This is what I predict. At some point in the future, after most of the world's pesticides and herbicides, after chemicals used to clean water, after various chemicals used in the ways plastic is a part of our lives have been restricted, a huge plague will make its way across the world. It will be spread as the famed Black Plague was, by insect and rodent pests, and it will kill countless millions of people. A new Dark Age will follow. It will, in fact, have been in place since the imposition of the European Union's draconian anti-chemical program was imposed. What is REACH really about? It's about killing you.


DIY contraceptive device 'better than the Pill'

THE first once-a-month contraceptive that women can insert themselves goes on sale nationally from today, in a move doctors say will revolutionise family planning options. The device - a small, squishy rubber ring - is impregnated with female hormones and is held in place inside the vagina, which absorbs the hormones directly into the bloodstream. Experts say this more direct route of administration allows the product, called NuvaRing, to deliver lower levels of estrogen compared with existing daily pills - reducing the risk of side-effects such as weight gain and tender breasts.

Until today, women have had the option of taking daily contraceptive pills, or seeing a doctor for longer-term treatments such as an injection or a contraceptive implant that sits beneath the skin.

NuvaRing releases its hormones over a three-week period, and can then be taken out for one week to allow women their monthly bleed, although this is much lighter than a normal period as the hormones will have prevented the walls of the uterus from thickening. A new ring is inserted after the fourth week. The makers say that often neither the woman nor her partner can tell it is there, and it should not affect intercourse. However, it can be taken out for up to three hours without reducing contraceptive protection.

The rings cost between $25 and $28, similar to the latest generation of oral contraceptive pills. NuvaRing is prescription-only and is not subsidised by the Pharmaceutical Benefits Scheme.

Fertility expert Ric Porter, a gynaecologist at IVF Australia, said that unlike the pill the ring would not lose effectiveness if women had stomach upsets, took antibiotics or drank alcohol. "Young girls taking the pill drink themselves silly, don't absorb the pill and then wonder why they get pregnant," Dr Porter said. "It (NuvaRing) is going to revolutionise women's contraception ability in this country. "Some women won't like it, but the women who forget to take the pill are going to be far better off with one of these."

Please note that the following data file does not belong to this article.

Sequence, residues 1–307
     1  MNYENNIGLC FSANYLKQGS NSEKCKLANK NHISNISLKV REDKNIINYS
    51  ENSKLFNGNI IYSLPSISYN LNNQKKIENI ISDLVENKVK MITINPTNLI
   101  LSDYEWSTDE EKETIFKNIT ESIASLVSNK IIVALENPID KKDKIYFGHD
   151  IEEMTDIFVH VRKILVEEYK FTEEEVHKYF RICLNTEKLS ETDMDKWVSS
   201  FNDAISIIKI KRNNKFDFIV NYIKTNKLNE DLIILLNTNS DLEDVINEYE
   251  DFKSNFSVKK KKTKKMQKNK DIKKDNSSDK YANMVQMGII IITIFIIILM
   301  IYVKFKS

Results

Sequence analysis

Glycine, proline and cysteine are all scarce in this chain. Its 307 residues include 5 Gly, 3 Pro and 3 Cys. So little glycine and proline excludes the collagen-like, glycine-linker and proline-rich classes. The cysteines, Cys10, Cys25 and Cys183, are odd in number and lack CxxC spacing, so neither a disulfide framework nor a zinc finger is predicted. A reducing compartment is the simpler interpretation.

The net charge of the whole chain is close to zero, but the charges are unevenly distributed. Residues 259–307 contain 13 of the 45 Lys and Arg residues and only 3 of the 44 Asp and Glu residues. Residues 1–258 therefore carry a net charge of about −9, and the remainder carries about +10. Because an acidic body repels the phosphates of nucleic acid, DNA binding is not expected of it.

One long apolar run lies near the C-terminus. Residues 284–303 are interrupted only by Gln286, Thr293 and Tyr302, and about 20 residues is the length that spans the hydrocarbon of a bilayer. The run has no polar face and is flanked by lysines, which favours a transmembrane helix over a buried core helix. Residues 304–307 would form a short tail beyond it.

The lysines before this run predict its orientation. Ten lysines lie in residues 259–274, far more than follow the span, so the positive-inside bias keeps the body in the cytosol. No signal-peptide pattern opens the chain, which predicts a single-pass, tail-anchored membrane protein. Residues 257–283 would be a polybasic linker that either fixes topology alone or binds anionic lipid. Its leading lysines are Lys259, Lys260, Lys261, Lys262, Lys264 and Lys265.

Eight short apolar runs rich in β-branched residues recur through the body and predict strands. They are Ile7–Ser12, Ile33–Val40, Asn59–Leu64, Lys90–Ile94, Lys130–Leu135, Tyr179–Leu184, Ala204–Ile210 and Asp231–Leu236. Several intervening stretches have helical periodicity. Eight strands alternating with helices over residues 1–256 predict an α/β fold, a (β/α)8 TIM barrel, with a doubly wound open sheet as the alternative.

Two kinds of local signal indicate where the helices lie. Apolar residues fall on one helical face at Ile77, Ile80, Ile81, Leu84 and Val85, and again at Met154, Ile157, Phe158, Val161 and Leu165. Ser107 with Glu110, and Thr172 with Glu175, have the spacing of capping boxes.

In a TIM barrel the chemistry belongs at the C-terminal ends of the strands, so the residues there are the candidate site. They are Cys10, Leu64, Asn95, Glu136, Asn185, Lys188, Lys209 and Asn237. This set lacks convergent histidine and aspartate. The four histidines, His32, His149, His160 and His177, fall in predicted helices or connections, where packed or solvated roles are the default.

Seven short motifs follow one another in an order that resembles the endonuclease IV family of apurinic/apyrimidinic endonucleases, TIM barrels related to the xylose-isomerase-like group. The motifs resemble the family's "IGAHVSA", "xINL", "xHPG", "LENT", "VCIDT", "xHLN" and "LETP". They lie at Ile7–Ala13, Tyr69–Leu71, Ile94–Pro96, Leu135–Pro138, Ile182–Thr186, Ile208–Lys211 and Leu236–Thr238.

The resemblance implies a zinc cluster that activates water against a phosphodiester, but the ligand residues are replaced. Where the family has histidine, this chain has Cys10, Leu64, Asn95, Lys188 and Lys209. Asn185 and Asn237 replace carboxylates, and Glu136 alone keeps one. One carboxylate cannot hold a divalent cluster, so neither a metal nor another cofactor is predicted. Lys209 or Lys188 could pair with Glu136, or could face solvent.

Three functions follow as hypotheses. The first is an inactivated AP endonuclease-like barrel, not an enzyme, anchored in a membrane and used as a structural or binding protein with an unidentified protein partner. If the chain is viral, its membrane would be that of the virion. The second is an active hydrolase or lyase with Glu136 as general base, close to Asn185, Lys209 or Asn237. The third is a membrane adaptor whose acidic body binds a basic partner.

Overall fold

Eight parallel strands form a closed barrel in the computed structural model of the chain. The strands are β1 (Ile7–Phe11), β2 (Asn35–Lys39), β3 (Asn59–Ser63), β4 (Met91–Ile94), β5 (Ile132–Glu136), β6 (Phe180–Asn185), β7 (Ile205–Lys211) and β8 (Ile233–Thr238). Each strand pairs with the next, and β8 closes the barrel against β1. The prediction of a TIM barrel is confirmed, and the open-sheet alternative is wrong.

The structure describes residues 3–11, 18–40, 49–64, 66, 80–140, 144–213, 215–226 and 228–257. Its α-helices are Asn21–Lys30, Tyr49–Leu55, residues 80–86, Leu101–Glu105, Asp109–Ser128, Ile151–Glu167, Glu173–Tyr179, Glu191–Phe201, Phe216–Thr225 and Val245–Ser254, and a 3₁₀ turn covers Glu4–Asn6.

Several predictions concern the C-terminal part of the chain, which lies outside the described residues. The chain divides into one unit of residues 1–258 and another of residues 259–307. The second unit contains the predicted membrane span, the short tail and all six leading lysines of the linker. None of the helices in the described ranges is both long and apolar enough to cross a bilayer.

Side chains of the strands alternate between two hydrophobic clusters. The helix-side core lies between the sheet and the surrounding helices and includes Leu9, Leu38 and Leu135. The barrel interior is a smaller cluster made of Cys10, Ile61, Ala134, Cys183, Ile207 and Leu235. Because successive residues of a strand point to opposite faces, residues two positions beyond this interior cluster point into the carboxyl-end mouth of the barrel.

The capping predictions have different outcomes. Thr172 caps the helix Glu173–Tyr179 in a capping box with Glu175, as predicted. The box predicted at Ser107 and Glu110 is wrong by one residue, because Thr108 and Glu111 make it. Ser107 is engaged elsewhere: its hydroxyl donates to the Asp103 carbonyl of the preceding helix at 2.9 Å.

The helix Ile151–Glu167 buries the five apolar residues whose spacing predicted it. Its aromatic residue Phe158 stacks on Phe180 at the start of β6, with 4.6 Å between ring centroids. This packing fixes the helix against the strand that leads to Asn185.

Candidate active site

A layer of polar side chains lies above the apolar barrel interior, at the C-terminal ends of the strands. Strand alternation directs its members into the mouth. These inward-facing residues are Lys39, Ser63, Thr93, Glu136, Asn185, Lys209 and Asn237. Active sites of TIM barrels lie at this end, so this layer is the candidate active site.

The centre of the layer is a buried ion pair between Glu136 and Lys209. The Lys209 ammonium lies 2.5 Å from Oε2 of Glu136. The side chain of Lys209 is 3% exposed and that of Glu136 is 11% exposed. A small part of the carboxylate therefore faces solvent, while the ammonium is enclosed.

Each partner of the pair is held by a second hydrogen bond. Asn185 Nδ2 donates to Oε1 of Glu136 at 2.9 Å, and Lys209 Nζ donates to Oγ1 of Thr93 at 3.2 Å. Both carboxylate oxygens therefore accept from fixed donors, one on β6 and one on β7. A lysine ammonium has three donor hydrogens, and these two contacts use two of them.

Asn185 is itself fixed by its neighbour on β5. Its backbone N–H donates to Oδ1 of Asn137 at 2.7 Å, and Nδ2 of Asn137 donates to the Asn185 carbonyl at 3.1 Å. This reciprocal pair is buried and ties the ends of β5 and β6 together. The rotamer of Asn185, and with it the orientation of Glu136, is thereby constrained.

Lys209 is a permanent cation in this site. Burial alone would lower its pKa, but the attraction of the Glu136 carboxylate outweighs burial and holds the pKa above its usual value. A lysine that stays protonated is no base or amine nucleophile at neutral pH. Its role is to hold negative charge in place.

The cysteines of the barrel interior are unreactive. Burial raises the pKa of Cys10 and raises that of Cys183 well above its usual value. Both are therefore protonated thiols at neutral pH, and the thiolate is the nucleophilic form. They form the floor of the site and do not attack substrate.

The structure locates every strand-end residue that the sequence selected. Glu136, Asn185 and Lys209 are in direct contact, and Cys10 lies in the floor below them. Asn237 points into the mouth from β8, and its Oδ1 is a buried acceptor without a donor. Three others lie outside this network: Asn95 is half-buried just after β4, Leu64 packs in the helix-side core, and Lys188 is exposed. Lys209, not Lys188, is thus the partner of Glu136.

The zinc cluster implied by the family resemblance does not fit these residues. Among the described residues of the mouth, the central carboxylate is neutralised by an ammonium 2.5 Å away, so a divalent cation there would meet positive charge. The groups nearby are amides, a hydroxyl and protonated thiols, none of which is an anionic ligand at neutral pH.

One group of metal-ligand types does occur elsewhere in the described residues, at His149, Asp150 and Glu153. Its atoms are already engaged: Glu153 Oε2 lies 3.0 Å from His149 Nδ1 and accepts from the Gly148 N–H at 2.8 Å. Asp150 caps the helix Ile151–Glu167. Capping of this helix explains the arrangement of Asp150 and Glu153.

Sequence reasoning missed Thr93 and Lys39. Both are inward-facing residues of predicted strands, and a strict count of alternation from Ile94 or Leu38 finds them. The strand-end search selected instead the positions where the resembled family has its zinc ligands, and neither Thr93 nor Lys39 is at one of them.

NuvaRing contains the same hormones as other contraceptives - estrogen and progestin, a synthetic version of progesterone. The most commonly prescribed contraceptive pill delivers 30 micrograms (mcg) of estrogen, and the lowest dose available delivers 20mcg - compared to 15mcg for NuvaRing.



Just some problems with the "Obesity" war:

1). It tries to impose behavior change on everybody -- when most of those targeted are not obese and hence have no reason to change their behaviour. It is a form of punishing the innocent and the guilty alike. (It is also typical of Leftist thinking: Scorning the individual and capable of dealing with large groups only).

2). The longevity research all leads to the conclusion that it is people of MIDDLING weight who live longest -- not slim people. So the "epidemic" of obesity is in fact largely an "epidemic" of living longer.

3). It is total calorie intake that makes you fat -- not where you get your calories. Policies that attack only the source of the calories (e.g. "junk food") without addressing total calorie intake are hence pissing into the wind. People involuntarily deprived of their preferred calorie intake from one source are highly likely to seek and find their calories elsewhere.

4). So-called junk food is perfectly nutritious. A big Mac meal comprises meat, bread, salad and potatoes -- which is a mainstream Western diet. If that is bad then we are all in big trouble.

5). Food warriors demonize salt and fat. But we need a daily salt intake to counter salt-loss through perspiration and the research shows that people on salt-restricted diets die SOONER. And Eskimos eat huge amounts of fat with no apparent ill-effects. And the average home-cooked roast dinner has LOTS of fat. Will we ban roast dinners?

6). The foods restricted are often no more calorific than those permitted -- such as milk and fruit-juice drinks.

7). Tendency to weight is mostly genetic and is therefore not readily susceptible to voluntary behaviour change.

8). And when are we going to ban cheese? Cheese is a concentrated calorie bomb and has lots of that wicked animal fat in it too. Wouldn't we all be better off without it? And what about butter and margarine? They are just about pure fat. Surely they should be treated as contraband in kids' lunchboxes! [/sarcasm].

Trans fats:

For one summary of the weak science behind the "trans-fat" hysteria, see here. Trans fats have only a temporary effect on blood chemistry and the evidence of lasting harm from them is dubious. By taking extreme groups in trans fats intake, some weak association with coronary heart disease has at times been shown in some sub-populations but extreme group studies are inherently at risk of confounding with other factors and are intrinsically of little interest to the average person.